“I was surprised that Boone’s father and his brother did come to court. And there’s some real concerns in this case, we’ve had some witness intimidation, we’ve had witness intimidation through the (Geauga County) Maple Leaf’s Facebook page,” Flaiz said. “And then there was another incident where one of the witnesses was intimidated, who lives out of county, that we’re still investigating that was a pretty significant incident. So, there’s some real concern there.”
Officers of the court were not immune to what might have been.
He added, “It was interesting because, that’s the first time I’ve ever had to have deputies escort myself and (assistant county Prosecutor Nick Burling) across the street because Boone’s brother was driving around the courthouse after the sentencing.”
In addition to the perceived dangers surrounding the case, it had been cold with no concrete leads for three years before ultimately unveiling there was no known relationship between Boone, Plottke and Swan, Flaiz said. That fact alone makes the situation harder in some ways.
“It’s interesting because, I think, I know from talking to (Swan’s parents, Christina and Bill), in one sense, there’s some satisfaction, at least knowing what happened. I mean, losing your son that way and having no idea what happened … but with them, they don’t like the word ‘closure’ and I really understand their perspective because they now have this piece of the puzzle, but the fact is it was this random, senseless killing,” Flaiz explained. “It’s almost like, finding that out, I think, in a way, is worse for them than even the unknown. To not know who killed your son is one thing, but then to find out that he was just randomly and senselessly taken from you. I can’t even imagine how they feel.”
Before Burt sentenced Boone to 15 years to life in prison and 36 months for tampering with evidence — which was filed because Boone admitted to disposing of the truck and pipe shortly after the incident — he gave Boone a chance to make a statement to the Swan family.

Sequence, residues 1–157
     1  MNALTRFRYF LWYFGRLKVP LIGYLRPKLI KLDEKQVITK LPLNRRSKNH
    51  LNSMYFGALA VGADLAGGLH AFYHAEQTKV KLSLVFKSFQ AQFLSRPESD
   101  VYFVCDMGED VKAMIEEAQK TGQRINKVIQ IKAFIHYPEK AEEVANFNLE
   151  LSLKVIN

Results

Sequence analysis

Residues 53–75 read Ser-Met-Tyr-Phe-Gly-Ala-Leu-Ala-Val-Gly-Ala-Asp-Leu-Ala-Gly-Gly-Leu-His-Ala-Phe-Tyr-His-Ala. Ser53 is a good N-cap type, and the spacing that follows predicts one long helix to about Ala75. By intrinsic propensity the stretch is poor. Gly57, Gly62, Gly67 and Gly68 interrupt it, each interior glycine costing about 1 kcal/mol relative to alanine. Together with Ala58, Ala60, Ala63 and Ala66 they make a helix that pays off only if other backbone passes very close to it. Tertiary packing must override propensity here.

“I would just like to apologize for what I’ve done, taking Dan’s life, and if I wouldn’t have been out that night, Dan would still be here with us today,” Boone said, according to the court transcript.
Christina — who, along with her husband and family, has described her son as having a dry sense of humor and being “kind-hearted and compassionate” — talked about how he made her breakfast in the morning, how he wanted to pursue a career in which he hoped to help people, and how honest he was.
“People talk about closure. And according to the Webster dictionary, it might mean a feeling that a bad experience such as a divorce or death of family member has ended and you can start to live again in a calm and normal way. The thought that someone who would do such a cruel and senseless, cowardly thing to another person, that they’re now off the streets where they can’t hurt others, is a small relief. But closure is an illusion. The loss never ends,” she said. “It’s amazing that people can go on when they feel that there’s a huge hole in the center of your body. Our family will always be missing a vital part of who made us, us. Daniel will never toast his brother’s wedding or add his marvelous sense of humor at family Thanksgiving. He’ll never get to go to Ireland as he’d hoped. We’ll never see him graduate from college or be a father. He won’t get to make fun of us as we get old. His ashes sit on our mantel.”